So the only thing left to do is name the thing. We’re thinking about KonMari (or CarMari?) after Marie Kondo’s book on simplification but are open to suggestions!

So dear readers, what should Mr. PoP name the NSX? 


PoP Balance Sheet – March 2017

Welcome to our March 2017 Balance Sheet!

We use the structure of a monthly income statement and balance sheet in tandem to make sure we are keeping our expenses low and planting our pennies wisely. If you’re not already tracking your finances using these two methods, go to mint.com and get started today! If you have any questions about how we do this just post a comment and we’ll be sure to help!

The big change on the balance sheet this month is the car loan.  We mentioned that we were going to probably do this when we talked about the money aspects of Mr PoP’s NSX purchase, and we finalized the loan paperwork this month.  Opting for a loan against something that we could have paid cash for isn’t our traditional modus operandi, but the 1.49% interest rate on a 36 month loan from our credit union was tough to pass up.  Over the course of the loan we’ll pay in the neighborhood of $600 in interest total.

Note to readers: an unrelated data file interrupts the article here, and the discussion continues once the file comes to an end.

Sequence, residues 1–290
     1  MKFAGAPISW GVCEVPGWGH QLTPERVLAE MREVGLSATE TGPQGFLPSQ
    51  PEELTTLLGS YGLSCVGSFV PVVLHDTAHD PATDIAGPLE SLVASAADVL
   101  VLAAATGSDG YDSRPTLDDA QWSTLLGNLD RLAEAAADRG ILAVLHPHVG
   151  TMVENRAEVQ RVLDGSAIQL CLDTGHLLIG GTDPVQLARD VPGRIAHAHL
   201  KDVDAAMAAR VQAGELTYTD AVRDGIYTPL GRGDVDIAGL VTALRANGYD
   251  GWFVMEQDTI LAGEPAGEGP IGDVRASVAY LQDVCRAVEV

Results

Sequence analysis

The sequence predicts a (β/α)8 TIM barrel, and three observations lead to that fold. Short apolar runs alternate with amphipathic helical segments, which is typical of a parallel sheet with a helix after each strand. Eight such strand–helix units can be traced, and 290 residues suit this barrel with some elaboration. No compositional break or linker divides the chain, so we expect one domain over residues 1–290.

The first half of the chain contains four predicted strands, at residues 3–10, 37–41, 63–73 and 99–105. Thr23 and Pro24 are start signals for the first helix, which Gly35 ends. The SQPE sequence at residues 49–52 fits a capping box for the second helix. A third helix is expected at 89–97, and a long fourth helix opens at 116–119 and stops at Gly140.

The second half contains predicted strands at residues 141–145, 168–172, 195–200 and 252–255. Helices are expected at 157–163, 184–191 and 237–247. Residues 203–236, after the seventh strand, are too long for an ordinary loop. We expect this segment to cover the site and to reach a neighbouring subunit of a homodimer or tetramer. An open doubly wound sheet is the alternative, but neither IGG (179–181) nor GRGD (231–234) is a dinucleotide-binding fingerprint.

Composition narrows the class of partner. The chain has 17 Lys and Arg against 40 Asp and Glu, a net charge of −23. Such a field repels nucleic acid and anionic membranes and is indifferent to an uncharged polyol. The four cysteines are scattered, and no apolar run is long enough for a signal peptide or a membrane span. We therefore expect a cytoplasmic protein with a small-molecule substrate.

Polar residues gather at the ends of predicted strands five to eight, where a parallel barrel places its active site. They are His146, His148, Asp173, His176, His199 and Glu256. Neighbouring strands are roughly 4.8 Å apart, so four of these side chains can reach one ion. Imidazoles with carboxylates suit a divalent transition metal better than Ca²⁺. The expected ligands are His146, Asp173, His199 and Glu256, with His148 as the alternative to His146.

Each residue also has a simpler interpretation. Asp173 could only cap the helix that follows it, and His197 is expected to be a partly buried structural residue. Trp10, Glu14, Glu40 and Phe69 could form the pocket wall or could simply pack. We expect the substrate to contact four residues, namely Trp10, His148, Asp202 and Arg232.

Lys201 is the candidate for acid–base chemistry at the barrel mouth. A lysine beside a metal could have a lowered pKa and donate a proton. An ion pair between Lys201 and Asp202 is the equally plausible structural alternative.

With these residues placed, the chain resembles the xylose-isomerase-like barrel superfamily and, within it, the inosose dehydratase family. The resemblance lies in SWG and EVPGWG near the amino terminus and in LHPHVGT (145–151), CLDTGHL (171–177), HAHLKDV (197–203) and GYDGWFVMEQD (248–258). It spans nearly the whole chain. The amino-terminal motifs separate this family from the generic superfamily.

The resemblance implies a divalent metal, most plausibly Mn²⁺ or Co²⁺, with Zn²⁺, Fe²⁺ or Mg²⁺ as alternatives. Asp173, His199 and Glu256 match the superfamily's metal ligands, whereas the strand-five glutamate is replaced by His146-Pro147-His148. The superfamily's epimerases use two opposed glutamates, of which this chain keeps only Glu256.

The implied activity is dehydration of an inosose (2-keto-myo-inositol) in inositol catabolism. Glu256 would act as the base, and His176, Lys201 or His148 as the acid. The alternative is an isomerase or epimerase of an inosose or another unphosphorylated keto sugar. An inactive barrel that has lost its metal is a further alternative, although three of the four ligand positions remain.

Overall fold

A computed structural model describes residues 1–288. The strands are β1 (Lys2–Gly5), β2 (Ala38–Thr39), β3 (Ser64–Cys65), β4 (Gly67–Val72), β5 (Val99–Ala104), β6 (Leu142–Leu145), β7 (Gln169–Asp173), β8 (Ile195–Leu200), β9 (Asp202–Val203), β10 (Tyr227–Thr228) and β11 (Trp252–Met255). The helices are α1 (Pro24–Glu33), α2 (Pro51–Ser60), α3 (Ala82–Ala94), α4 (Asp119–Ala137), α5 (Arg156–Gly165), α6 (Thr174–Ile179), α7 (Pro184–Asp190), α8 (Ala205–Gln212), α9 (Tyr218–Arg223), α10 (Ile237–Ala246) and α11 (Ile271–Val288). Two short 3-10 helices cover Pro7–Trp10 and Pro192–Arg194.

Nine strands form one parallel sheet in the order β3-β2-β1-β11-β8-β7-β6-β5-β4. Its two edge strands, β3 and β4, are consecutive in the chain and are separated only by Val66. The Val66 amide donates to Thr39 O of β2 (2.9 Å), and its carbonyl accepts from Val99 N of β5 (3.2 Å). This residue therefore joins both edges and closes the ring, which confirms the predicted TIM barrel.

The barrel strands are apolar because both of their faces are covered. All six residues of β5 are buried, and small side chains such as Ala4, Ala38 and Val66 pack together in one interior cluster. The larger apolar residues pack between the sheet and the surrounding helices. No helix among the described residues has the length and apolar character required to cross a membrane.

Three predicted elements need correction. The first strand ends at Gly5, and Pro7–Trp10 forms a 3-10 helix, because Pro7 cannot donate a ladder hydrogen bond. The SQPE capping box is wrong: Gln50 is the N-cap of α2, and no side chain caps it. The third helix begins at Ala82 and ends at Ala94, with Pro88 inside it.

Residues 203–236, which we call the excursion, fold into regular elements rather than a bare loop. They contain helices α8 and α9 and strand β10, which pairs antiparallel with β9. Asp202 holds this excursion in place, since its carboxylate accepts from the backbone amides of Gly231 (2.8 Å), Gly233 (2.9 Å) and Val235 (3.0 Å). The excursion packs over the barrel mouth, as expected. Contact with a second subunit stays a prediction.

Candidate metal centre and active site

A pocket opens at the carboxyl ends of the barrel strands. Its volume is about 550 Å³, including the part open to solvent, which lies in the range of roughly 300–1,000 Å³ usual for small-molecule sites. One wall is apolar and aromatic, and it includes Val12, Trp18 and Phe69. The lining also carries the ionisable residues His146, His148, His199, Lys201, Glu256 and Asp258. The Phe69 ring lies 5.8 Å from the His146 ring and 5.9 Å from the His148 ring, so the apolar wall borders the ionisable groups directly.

This feels pretty cheap in terms of allowing us to keep a little more liquidity – though it does come at the price of pretty high payments.  And by that I mean obscenely high.  Even when we had 2 car loan payments back in 2010, together they were not this high.  So this will be a new feeling.  However, we do get to delay that feeling for a month since the first payment isn’t due until April.  =P

Here are the numbers for March:

  • Our total assets up $46.6K
  • Our total liabilities went up by $26.3K 
  • Net worth went up by $20.3K 
  • Total net worth as of the end of March is $1,360.9K, which represents a 1.51% increase for the month

For the details…

Continue reading PoP Balance Sheet – March 2017